Never Forget: Remembering Ten Years Later

Yes, I’m aware that it’s two days after the fact, but it’s not only about the date.  It’s the day, too.  There are certain things I remember vividly, and others that have faded away.  For most of us, it was an ordinary day.  For the younger generations, it was the beginning of the third week of school.

As much as I hate Mondays, I hate Tuesdays more.  The weekend has just ended, and you’re in that spot where you haven’t started getting ready for the coming weekend, and you’ve just ended the last one.  You’re in the doldrums.  I was was beginning 8th grade, starting to break out of my shell more, and make friends with kids not in my town.  Tuesdays and Thursdays, the beginning and end block classes flipped.  I can’t remember what my first block class was that day.  My memory only starts to kick in during my second class, which was French.  I was close to the door, alphabetical order can be a bitch sometimes, but there I lucked out, other than the fact my seat was the first one in the row.  I remember looking at the clock a lot, wanting class to be over, so i could just check off another block of time.  I was waiting for my next class, American History, and no the irony doesn’t escape me, except I was still in French when the first plane hit.

It’s finally time for history, and I make my way up stairs to that classroom.  Our teacher wasn’t in the room, but that was nothing new.  We usually didn’t see him till after the bell rang.  He comes in a minute or two after the bell, stack of papers in hand.  Worksheets on latitude and longitude.  Telling us to pair up, he passes out the sheets, and sits behind his desk, diving into his computer.  For the next ten to twenty minutes, he’s agitated, and frequently leaves the classroom to go to the library, which is always has some sort of news coverage on.  He finally settles back behind his desk, and asks everyone to stop working for a minute.  He makes the announcement that two commercial planes have crashed into the Twin Towers in New York.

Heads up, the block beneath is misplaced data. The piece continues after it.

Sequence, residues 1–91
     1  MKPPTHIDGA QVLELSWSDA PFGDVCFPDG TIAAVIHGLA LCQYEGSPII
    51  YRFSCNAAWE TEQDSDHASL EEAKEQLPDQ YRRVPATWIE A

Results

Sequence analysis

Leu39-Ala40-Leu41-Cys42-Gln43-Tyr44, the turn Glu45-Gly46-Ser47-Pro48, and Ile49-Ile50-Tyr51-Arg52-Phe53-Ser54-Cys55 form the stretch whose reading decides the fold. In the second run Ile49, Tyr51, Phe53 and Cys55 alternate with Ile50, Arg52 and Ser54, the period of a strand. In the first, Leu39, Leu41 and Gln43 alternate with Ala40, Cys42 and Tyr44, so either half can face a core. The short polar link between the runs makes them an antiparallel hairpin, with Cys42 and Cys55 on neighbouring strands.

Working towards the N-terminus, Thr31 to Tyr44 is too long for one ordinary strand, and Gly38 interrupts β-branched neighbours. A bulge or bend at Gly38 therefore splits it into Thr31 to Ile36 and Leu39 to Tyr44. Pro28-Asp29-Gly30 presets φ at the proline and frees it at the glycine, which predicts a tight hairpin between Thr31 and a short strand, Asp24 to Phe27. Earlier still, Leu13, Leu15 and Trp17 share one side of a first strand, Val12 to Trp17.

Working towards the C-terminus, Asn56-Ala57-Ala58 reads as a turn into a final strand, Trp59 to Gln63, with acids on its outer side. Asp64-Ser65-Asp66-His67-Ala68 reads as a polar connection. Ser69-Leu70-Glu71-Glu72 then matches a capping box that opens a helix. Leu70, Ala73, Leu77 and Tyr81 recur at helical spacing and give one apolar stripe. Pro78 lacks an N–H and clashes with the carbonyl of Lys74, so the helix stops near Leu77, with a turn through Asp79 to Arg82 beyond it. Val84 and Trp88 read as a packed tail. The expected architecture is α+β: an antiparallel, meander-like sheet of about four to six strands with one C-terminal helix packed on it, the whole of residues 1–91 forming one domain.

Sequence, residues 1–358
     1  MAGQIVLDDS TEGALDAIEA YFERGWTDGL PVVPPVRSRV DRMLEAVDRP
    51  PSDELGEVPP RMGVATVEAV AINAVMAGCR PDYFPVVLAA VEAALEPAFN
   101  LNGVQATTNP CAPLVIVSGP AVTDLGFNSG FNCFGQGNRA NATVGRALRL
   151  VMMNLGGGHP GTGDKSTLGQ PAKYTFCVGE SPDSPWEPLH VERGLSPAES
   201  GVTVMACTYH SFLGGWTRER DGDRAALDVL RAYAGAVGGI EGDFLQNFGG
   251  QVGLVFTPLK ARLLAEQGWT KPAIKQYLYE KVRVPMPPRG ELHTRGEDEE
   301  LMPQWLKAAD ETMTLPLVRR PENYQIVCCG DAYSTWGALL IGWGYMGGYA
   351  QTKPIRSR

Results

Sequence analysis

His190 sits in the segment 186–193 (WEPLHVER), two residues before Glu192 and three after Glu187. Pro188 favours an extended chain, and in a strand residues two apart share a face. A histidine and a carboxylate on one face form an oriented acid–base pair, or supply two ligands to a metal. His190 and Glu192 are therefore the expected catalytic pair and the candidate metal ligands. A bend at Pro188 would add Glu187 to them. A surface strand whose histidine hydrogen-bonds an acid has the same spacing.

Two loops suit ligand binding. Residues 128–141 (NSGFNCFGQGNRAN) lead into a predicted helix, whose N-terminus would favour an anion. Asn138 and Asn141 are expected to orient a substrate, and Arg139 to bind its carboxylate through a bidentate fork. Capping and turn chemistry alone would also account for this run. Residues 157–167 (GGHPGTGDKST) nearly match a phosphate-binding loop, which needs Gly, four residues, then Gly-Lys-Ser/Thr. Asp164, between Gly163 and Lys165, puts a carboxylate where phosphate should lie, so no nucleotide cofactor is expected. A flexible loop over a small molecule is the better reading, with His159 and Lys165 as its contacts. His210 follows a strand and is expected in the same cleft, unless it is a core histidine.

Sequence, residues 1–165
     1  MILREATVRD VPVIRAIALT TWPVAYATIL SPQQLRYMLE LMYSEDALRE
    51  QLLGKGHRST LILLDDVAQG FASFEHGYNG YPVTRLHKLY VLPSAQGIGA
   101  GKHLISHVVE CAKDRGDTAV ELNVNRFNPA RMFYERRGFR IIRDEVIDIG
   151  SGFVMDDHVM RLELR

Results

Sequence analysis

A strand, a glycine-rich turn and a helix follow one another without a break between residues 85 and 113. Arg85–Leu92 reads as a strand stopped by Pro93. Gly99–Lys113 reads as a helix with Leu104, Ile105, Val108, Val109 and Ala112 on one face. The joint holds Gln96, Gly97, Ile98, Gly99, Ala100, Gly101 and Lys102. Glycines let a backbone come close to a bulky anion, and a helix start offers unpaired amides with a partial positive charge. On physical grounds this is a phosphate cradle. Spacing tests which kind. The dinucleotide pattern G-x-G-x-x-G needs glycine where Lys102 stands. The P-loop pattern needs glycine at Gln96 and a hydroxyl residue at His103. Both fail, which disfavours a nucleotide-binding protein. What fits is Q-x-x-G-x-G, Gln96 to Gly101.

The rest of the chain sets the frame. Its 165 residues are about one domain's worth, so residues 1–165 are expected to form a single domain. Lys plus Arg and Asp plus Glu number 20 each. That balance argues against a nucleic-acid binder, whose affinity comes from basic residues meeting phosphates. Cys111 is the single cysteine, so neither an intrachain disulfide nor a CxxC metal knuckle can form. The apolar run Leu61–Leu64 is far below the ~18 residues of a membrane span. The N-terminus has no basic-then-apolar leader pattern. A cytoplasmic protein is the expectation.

The girl I was working with starts to panic.  Her grandparents had flown out that morning out of New York to go on a cruise in Alaska.  I try to reassure her, speculating scenarios that wouldn’t place them in harm’s way.  Fifteen minutes after my teacher made his announcement, our Vice Principal confirmed it on the PA system, along with the fact the Pentagon got hit as well.  I would come to find out that one of my drill sergeants would be part of the crew that was responsible for pulling  the bodies out of the wreckage of the Pentagon, and that my bus driver’s sibling worked in one of the towers.

After the announcements, the rest of the day is a haze, no one was concentrating, with many people with family in the city.  New York was a three-hour drive at the time.  For me, that had been so far away, now it was too close.  After school activities were cancelled, and I rode home in a numb state.  I remember at some point that night, after my father got home, that he talked about rejoining the Army.  I scoffed at the idea in the one hand, my father was almost 60 years old.  At the same time, I was terrified he would do just that, and leave me alone to live with my grandmother. which was unacceptable.

I have had a few days on which the world gets upended, where you remember the events, but what is said is like conversation between grown-ups the the Peanuts world, and time stops for you, but not for anyone else and the next thing you know, you are somewhere else, and you’re unsure of how you ended up there.  This was one of those days.

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